National Oceanic and
Atmospheric Administration
United States Department of Commerce


FY 1993

Long-term monitoring of hydrothermal heat flux using moored temperature sensors, Cleft Segment, Juan de Fuca Ridge

Baker, E.T., and G.A. Cannon

Geophys. Res. Lett., 20(17), 1855–1858, doi: 10.1029/93GL00987 (1993)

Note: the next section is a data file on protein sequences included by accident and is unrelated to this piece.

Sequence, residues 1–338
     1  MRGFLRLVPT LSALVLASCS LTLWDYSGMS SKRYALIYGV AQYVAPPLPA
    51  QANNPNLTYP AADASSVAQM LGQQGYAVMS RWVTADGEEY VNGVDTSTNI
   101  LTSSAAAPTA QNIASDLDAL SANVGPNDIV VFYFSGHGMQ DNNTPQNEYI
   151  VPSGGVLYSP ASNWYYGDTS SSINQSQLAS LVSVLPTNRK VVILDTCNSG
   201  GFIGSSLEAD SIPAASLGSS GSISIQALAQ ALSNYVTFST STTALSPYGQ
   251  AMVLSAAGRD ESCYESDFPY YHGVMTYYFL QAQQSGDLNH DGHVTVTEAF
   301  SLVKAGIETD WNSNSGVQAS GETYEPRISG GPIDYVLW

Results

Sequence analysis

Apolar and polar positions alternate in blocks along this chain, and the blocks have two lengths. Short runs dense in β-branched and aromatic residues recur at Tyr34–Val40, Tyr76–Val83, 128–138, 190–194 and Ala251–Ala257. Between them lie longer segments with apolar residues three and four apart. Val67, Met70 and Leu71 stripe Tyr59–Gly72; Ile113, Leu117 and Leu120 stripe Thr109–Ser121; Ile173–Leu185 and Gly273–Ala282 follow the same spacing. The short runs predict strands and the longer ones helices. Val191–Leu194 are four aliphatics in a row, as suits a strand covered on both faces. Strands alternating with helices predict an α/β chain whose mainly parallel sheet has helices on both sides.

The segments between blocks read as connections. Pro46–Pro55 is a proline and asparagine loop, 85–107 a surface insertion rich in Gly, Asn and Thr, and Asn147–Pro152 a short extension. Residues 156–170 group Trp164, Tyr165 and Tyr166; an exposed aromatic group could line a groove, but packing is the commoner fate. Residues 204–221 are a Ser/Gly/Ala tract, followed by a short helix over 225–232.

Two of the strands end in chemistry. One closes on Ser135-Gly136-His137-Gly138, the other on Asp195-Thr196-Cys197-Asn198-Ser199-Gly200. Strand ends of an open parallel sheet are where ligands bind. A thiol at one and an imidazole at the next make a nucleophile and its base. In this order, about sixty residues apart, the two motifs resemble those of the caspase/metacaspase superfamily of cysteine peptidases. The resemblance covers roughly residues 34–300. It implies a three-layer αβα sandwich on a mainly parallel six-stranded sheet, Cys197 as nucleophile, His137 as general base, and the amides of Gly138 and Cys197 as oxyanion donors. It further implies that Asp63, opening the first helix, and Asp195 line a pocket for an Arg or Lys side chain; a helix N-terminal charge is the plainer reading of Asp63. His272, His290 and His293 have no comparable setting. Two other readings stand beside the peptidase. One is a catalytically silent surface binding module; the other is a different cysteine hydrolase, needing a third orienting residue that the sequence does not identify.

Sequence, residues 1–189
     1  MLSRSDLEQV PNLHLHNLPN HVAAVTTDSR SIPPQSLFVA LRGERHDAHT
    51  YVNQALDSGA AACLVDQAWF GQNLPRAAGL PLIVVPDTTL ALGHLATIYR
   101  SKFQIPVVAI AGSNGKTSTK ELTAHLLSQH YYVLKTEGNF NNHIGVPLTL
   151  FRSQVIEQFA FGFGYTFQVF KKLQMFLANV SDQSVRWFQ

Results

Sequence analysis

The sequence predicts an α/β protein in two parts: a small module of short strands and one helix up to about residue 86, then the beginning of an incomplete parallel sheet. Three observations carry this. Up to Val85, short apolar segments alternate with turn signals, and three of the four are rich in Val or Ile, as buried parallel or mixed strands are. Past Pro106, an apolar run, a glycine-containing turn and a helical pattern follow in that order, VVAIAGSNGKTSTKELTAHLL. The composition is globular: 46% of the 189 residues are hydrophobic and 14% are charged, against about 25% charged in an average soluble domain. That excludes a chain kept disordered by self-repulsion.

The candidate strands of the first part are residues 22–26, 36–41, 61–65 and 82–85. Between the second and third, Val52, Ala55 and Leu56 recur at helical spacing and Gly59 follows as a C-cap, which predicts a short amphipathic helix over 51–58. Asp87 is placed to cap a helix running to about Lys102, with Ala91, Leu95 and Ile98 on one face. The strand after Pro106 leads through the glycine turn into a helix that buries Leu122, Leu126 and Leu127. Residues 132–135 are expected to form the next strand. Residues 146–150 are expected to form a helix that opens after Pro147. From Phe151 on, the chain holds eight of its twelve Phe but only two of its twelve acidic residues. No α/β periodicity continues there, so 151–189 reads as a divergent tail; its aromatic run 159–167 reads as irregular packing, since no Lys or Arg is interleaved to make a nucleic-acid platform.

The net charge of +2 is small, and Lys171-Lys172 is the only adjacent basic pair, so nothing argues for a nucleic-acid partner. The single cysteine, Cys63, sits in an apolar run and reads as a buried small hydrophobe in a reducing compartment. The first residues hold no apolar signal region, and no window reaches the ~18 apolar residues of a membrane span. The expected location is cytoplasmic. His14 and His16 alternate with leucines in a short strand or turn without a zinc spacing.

Heat flux from submarine vent fields can vary gradually on interannual scales, or nearly instantaneously in response to volcano-tectonic events in the underlying crust. Neither case is well documented because measurements of vent-field scale heat flux are scarce. We report here a new approach to hydrothermal plume monitoring sensitive to both progressive changes and hydrothermal events. From June 1991 to May 1992 we moored 35 self-contained temperature sensors and six current meters on seven moorings located in and around the plume from a vent field on the Cleft segment, Juan de Fuca Ridge. The hydrothermal plume was identified by a local temperature anomaly of 0.01 to 0.03°C in the lowermost 200 m of the water column. Plume heat flux, defined as the net advection of this temperature anomaly, averaged about 250 MW during the deployment. This flux is less than previous estimates and thus supports speculation that the heat flux is declining after a sudden reinvigoration triggered by a seafloor rifting event in 1986.

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